Introduction to Correlation and Regression Analysis
In this section we will first discuss correlation analysis, which is used to quantify the association between two continuous variables (e.g., between an independent and a dependent variable or between two independent variables). Regression analysis is a related technique to assess the relationship between an outcome variable and one or more risk factors or confounding variables. The outcome variable is also called the response or dependent variable and the risk factors and confounders are called the predictors, or explanatory or independent variables. In regression analysis, the dependent variable is denoted "y" and the independent variables are denoted by "x".
[NOTE: The term "predictor" can be misleading if it is interpreted as the ability to predict even beyond the limits of the data. Also, the term "explanatory variable" might give an impression of a causal effect in a situation in which inferences should be limited to identifying associations. The terms "independent" and "dependent" variable are less subject to these interpretations as they do not strongly imply cause and effect.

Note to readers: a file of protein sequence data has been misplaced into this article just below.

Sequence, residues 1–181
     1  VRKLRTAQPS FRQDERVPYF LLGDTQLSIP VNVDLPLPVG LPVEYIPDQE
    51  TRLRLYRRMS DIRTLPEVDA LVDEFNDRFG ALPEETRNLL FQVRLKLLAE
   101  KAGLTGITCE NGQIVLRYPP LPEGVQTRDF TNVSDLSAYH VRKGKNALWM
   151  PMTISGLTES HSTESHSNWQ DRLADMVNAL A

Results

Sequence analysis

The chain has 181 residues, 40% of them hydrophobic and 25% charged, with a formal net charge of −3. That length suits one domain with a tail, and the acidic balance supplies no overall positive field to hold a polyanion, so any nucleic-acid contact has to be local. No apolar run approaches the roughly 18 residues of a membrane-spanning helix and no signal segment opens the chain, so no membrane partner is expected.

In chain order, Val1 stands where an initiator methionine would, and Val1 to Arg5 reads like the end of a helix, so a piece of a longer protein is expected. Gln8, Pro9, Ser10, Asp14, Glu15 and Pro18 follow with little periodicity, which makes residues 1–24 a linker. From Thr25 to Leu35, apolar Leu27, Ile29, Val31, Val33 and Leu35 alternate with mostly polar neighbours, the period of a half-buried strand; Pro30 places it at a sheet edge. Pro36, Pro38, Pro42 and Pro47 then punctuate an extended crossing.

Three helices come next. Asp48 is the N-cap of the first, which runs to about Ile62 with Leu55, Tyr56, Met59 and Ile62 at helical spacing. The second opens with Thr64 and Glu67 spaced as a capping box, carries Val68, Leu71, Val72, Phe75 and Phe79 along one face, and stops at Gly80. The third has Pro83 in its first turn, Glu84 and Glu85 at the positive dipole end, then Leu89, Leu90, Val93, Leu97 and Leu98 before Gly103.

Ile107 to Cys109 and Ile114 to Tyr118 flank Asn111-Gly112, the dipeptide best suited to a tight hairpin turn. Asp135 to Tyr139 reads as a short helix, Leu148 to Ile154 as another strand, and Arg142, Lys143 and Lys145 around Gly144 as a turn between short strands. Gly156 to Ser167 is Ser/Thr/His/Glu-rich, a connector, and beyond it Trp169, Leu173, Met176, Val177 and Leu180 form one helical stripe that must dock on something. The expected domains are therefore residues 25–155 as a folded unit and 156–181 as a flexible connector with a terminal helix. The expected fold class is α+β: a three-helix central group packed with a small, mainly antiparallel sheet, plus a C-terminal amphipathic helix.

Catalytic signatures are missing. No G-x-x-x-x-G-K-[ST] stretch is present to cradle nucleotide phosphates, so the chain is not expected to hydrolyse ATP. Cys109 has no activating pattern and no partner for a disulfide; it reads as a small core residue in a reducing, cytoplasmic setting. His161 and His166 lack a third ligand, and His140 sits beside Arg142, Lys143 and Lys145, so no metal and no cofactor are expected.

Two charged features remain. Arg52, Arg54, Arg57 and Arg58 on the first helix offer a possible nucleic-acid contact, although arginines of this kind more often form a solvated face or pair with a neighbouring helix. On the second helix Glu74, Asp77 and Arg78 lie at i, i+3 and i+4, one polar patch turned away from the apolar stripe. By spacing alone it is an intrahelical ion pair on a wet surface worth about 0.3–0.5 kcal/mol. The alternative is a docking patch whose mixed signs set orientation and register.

In correlation analysis, we estimate a sample correlation coefficient, more specifically the Pearson Product Moment correlation coefficient. The sample correlation coefficient, denoted r,
ranges between -1 and +1 and quantifies the direction and strength of the linear association between the two variables. The correlation between two variables can be positive (i.e., higher levels of one variable are associated with higher levels of the other) or negative (i.e., higher levels of one variable are associated with lower levels of the other).
The sign of the correlation coefficient indicates the direction of the association. The magnitude of the correlation coefficient indicates the strength of the association.
For example, a correlation of r = 0.9 suggests a strong, positive association between two variables, whereas a correlation of r = -0.2 suggest a weak, negative association. A correlation close to zero suggests no linear association between two continuous variables.